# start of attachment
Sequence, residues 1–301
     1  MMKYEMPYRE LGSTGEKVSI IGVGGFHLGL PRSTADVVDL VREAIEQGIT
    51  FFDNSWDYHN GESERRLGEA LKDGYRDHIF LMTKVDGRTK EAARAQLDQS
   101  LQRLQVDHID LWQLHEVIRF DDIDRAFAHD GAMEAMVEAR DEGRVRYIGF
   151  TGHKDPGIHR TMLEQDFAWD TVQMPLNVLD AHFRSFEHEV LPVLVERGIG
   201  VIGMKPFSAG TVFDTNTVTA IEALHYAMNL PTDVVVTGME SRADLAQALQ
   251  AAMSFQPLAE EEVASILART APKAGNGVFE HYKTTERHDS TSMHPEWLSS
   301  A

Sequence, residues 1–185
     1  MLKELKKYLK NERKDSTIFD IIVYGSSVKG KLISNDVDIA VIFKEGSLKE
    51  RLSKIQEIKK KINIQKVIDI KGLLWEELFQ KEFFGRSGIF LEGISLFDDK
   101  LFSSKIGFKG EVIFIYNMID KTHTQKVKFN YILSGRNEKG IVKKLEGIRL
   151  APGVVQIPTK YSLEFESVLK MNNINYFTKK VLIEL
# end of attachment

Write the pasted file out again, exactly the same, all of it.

Sequence, residues 1–301
     1  MMKYEMPYRE LGSTGEKVSI IGVGGFHLGL PRSTADVVDL VREAIEQGIT
    51  FFDNSWDYHN GESERRLGEA LKDGYRDHIF LMTKVDGRTK EAARAQLDQS
   101  LQRLQVDHID LWQLHEVIRF DDIDRAFAHD GAMEAMVEAR DEGRVRYIGF
   151  TGHKDPGIHR TMLEQDFAWD TVQMPLNVLD AHFRSFEHEV LPVLVERGIG
   201  VIGMKPFSAG TVFDTNTVTA IEALHYAMNL PTDVVVTGME SRADLAQALQ
   251  AAMSFQPLAE EEVASILART APKAGNGVFE HYKTTERHDS TSMHPEWLSS
   301  A

Sequence, residues 1–185
     1  MLKELKKYLK NERKDSTIFD IIVYGSSVKG KLISNDVDIA VIFKEGSLKE
    51  RLSKIQEIKK KINIQKVIDI KGLLWEELFQ KEFFGRSGIF LEGISLFDDK
   101  LFSSKIGFKG EVIFIYNMID KTHTQKVKFN YILSGRNEKG IVKKLEGIRL
   151  APGVVQIPTK YSLEFESVLK MNNINYFTKK VLIEL